Friday, 18 April 2014

Medieval Warfare - Bob Carruthers

The information presented was written by Chris Buckham; however, it was published in Medieval Warfare Magazine. Therefore, the material is reproduced here by the author with the permission of the magazine. If you would like to republish this information or refer to excerpts please contact: Dirk van Gorp (  Website for the Magazine is:‎

Title: Medieval Warfare
Author: Edited and Introduced by Bob Carruthers
ISBN: 978-1-78159-224-3
Pages: 224
Photographs: 43 b/w sketches

Carruthers has undertaken, with his book Medieval Warfare, to bring the work of 19th century Scottish historian and author James Grant to a new audience. The author provides an introductory chapter and then limits his involvement to editing Grant’s work for a more modern reading culture (while still retaining the flavor of the original work). Thus it is that a number of medieval encounters of limited renown, such as Halidon Hill, Najera and Roverai, are once again brought to light alongside a number of better known encounters such as Agincourt, Bannockburn and Hastings.

Each of the seventeen battles reviewed is outlined and discussed in such a manner that the reader is provided an adequate explanation of the background to the conflict and how the engagement unfolded. Each chapter represents an individual battle and each may be read independently without having to refer to earlier parts. This makes for a book that may easily be picked after a period on the shelf and restarted from where one left off.

Along with a discussion of how the battle unfolded, Grant (the original author) provides images of the weapons from the period and explanations of how they were used in combat. He also discusses tactics and planning methods that commanders exercised. These tactics extended to both land and sea borne battles. Thus, for example, the reader is introduced to the use of unslaked lime being thrown from English to French ships during the Battle of Dover in order to blind and burn their adversaries as the English boarded the French ships. Additionally, he also provides fascinating insights into the methods and requirements for the levies that made up the medieval armies. A typical English (non-noble) soldier was expected to be an expert with the long bow and be able to fire at least twelve times a minute with no misses at 250 yards. Grant also incorporates the politics of the period as part of the explanation behind the instigation of hostilities. This can be rather confusing given the convoluted alliances and titles of the medieval period; notwithstanding the fact that strife was just as likely to be instigated both internally within a household as externally between ‘countries’.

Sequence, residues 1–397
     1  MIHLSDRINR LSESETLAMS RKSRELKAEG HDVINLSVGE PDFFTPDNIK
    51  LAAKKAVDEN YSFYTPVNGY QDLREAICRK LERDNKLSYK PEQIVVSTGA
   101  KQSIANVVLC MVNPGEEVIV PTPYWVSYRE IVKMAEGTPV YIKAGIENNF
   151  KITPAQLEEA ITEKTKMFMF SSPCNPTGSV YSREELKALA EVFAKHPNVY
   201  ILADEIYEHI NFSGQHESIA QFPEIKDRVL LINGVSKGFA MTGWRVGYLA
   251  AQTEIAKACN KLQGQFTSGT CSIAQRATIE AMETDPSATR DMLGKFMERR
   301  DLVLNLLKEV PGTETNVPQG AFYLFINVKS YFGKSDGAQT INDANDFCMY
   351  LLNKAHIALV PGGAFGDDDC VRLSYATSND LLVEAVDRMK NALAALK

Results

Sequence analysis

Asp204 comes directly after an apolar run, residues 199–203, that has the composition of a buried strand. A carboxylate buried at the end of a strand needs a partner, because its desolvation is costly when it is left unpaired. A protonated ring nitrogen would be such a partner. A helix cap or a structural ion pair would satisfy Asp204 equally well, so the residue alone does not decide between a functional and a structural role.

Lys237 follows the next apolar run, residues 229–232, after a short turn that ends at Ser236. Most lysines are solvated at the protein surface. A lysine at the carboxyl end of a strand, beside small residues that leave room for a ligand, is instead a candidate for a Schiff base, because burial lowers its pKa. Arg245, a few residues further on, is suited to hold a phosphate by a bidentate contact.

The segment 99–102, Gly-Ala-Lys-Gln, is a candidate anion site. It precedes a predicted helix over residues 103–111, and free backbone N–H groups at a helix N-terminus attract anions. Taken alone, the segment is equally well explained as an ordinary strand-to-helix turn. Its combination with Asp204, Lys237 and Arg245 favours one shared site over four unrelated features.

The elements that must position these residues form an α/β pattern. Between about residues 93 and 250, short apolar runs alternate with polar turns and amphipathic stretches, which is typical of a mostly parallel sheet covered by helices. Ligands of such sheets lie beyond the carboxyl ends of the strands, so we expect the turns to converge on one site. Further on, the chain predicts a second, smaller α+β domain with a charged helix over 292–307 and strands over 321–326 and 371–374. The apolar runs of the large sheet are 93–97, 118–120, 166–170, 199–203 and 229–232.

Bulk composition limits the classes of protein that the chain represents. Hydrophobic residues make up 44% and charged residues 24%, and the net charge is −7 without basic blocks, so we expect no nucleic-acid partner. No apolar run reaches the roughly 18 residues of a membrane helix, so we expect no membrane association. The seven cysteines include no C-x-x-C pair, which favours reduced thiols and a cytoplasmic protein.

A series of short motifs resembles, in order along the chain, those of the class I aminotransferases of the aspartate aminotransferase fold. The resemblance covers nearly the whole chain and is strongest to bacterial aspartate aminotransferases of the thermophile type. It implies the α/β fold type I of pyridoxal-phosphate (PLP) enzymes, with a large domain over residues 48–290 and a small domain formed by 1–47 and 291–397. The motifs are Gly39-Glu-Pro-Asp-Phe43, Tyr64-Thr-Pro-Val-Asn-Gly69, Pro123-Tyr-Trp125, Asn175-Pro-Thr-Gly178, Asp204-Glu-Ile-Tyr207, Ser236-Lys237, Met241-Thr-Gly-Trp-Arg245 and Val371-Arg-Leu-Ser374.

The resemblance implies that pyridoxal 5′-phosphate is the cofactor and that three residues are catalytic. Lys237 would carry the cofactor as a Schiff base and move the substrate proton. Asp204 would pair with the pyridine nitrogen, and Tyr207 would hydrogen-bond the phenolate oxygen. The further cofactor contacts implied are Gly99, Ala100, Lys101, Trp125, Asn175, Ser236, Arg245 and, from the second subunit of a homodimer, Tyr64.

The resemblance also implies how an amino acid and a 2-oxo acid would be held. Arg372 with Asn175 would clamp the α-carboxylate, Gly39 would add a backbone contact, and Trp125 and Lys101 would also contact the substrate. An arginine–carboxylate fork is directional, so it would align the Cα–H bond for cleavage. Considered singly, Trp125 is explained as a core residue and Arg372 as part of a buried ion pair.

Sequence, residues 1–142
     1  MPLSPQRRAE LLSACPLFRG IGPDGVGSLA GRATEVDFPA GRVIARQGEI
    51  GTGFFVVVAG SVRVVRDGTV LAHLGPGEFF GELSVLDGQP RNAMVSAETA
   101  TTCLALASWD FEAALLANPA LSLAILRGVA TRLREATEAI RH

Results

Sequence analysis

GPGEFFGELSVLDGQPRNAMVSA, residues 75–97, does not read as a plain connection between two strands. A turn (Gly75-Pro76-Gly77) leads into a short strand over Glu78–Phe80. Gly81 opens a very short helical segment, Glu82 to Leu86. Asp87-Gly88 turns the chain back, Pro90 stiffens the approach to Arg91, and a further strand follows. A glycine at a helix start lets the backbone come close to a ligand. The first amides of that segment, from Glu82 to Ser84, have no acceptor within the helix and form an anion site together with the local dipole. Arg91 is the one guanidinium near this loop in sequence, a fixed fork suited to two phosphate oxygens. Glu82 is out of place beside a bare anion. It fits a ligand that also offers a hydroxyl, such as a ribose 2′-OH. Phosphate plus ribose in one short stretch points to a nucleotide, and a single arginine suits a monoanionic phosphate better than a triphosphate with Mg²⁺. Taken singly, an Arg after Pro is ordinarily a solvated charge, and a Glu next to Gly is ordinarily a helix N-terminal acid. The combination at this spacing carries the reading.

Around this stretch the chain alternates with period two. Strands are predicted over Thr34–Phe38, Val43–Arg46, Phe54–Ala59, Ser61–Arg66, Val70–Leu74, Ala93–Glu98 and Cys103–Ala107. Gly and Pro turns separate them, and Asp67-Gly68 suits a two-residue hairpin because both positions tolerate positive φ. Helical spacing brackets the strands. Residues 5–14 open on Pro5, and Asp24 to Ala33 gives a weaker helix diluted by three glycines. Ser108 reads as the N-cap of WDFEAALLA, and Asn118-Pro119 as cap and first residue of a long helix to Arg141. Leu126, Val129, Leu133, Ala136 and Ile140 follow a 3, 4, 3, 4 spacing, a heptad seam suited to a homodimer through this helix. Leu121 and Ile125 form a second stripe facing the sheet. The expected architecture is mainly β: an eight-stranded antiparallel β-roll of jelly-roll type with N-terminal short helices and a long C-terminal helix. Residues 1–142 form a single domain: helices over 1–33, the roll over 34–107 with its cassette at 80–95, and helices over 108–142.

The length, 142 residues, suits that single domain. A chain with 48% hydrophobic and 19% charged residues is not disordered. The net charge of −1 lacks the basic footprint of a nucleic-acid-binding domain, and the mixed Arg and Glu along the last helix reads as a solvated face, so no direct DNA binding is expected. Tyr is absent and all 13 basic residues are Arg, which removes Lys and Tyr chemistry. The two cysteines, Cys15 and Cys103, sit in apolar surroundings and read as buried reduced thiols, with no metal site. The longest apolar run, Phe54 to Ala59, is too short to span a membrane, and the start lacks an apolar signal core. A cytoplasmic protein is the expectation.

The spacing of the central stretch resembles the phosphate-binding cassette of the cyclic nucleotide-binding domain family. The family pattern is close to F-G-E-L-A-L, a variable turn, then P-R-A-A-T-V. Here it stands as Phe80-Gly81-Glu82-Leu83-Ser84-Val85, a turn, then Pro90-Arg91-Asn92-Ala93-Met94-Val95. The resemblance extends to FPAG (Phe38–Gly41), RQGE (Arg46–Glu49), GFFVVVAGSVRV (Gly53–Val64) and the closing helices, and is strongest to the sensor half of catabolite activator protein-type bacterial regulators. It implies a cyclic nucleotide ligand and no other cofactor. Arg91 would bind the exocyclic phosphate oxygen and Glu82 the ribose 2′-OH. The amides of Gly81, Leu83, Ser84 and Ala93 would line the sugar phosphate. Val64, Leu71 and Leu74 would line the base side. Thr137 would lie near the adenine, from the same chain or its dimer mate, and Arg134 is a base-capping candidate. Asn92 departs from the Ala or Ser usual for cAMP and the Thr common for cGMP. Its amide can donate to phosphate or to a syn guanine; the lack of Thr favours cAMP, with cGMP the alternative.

The language used by Grant in describing the engagements does come across as somewhat dated; however, this is to be expected as it is essentially his original articles from the mid 1800’s with minor editorial adjustments. Nevertheless, they remain easily read and followed. Additionally, given the time frame between when Grant wrote his pieces and modern analysis of the battles, new information has come to light that has had a significant impact on what we understand took place. Therefore, items such as numbers of combatants involved and the character of individuals (such as King John) while accurate given the information available in the 19th century are somewhat skewed by 21st century evaluations.

I was somewhat less than impressed with the style of the introduction provided by Mr Carruthers. Specifically, I found it to be grammatically awkward in many places and that there exists a series of typographical errors. It struck me as being hastily and casually drafted. Conversely, the information provided by Carruthers as part of his introduction was beneficial as he provides an educational (albeit truncated) synopsis of siege warfare, fortifications, army organization and recruiting from the period.

The book is not long and it covers a significant period of time. Therefore, the degree of depth and analysis of the combats reviewed is relatively short and superficial. Nevertheless, it does achieve a number of successes in that it brings to light a number of key conflicts through which may be traced the development of weapons and tactics throughout the medieval period. Additionally, by introducing the reader to the conflicts, it serves to act as an engaging doorway to stimulate further study into the periods, especially into those battles that have not had the public exposure of Agincourt or Hastings. Overall, I would say that it is a worthwhile and interesting read but not a critical addition to one’s library.


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